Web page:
Furthermore, we thought that an increase in implied volatility before the September expiration was likely. If that happened, then when the September 68 call expired, we would be left with our long December 64 call with two months remaining in its life. It would have then been inflated further by the increase in IV.
Here’s how the first part of the log of this trade played out. See below for an explanation of the first three entries.
~ 8/2/12, 12:52 PM (Pacific) ~
We are in using stock… We bought 980 shares @ 64.71
~ 8/2/12, 12:54 PM (Pacific) ~
Tomorrow we will evolve the position into an Option strategy… We are not doing it right now because I just got in front of my screen and the market will close in 6 minutes so the probabilities of a nice fill shaving the spread is low…
~ 8/3/12, 9:43 AM (Pacific) ~
Closed Stock @ 65.85 for a $1,117.20 profit and entered the pre-planned Options Trade…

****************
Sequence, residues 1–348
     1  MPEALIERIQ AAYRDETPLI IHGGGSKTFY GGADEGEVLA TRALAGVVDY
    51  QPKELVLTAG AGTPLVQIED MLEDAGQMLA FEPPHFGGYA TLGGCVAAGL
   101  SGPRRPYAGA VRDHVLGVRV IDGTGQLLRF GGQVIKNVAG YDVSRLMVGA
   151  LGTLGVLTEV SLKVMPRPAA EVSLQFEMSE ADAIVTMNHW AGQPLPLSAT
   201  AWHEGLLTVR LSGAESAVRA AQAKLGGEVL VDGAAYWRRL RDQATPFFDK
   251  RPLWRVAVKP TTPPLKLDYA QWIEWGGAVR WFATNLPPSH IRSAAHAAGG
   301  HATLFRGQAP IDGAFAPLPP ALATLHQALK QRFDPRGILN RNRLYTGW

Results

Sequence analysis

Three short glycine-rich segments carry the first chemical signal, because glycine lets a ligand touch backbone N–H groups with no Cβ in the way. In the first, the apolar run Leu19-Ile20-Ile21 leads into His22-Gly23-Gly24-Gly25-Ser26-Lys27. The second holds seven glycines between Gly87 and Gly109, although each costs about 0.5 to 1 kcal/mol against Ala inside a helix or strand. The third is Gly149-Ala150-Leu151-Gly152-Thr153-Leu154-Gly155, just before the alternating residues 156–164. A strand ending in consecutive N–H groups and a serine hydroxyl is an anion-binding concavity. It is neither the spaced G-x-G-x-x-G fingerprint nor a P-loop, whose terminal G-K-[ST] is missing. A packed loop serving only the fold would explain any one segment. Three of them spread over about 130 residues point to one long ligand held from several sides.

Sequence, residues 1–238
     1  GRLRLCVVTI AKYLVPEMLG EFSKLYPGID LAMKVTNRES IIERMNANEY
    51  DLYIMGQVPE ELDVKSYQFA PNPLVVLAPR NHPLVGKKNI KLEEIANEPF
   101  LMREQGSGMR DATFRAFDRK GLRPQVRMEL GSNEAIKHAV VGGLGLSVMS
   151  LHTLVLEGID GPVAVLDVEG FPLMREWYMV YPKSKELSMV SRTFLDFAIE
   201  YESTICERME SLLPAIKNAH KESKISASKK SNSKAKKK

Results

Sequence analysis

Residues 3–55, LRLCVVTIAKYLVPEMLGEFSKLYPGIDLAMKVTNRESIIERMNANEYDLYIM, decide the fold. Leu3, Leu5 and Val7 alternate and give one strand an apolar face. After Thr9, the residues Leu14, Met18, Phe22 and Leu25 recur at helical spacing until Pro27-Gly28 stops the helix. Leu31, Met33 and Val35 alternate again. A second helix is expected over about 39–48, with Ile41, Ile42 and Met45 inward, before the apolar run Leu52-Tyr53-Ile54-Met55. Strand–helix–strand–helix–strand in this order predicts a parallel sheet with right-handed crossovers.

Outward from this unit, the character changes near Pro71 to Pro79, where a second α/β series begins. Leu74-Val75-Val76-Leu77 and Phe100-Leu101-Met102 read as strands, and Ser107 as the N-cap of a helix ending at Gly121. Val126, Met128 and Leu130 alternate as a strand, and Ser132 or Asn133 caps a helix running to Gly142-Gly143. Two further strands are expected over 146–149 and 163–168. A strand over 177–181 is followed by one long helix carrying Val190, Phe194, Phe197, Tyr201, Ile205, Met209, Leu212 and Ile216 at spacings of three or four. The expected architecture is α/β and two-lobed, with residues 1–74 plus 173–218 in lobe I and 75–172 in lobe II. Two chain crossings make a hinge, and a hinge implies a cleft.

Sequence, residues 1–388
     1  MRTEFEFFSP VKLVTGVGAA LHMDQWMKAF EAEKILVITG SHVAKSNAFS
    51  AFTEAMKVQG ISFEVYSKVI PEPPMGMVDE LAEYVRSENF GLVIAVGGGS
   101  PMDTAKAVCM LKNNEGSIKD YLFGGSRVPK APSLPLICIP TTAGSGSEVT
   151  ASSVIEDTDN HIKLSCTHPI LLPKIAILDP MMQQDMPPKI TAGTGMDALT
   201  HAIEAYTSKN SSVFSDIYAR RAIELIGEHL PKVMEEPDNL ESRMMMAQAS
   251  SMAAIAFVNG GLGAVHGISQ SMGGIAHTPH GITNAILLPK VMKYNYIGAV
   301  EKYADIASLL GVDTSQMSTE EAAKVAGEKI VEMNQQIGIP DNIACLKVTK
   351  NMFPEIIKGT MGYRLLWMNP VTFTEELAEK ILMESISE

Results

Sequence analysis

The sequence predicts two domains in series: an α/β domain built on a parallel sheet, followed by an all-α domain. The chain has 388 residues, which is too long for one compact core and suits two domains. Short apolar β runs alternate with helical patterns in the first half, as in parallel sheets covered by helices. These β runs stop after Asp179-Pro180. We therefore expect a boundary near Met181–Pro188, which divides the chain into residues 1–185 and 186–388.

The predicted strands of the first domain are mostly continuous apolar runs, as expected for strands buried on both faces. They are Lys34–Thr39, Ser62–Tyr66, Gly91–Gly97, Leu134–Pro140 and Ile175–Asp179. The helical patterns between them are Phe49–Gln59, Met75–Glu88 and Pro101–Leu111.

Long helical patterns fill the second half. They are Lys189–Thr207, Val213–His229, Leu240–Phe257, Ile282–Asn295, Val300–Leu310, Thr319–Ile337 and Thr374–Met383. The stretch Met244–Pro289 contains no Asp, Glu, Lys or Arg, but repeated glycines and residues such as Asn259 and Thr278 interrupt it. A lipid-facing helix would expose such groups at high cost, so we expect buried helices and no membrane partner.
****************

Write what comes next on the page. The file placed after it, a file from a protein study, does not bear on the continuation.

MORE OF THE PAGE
Here is the explanation for these entries:
The trade was identified early in the day on August 2, while our instructor was traveling. He was not going to be able to be at his computer for the rest of the day. With multiple contracts and two separate positions, getting a good price on all the contracts was very important. He did not want to be pressured for time, but wanted to lock the trade in. He elected to enter an equivalent stock position, which he could do very quickly, to avoid missing the rally.
To temporarily use the stock itself as a substitute for the option position, the number of shares needed to be calculated. As stated above, the net Delta per spread was about 36.3. This was a combination of +56.4 on the long December 64 call, and -20.1 on the September short 68 call. The equivalent stock position was calculated as follows: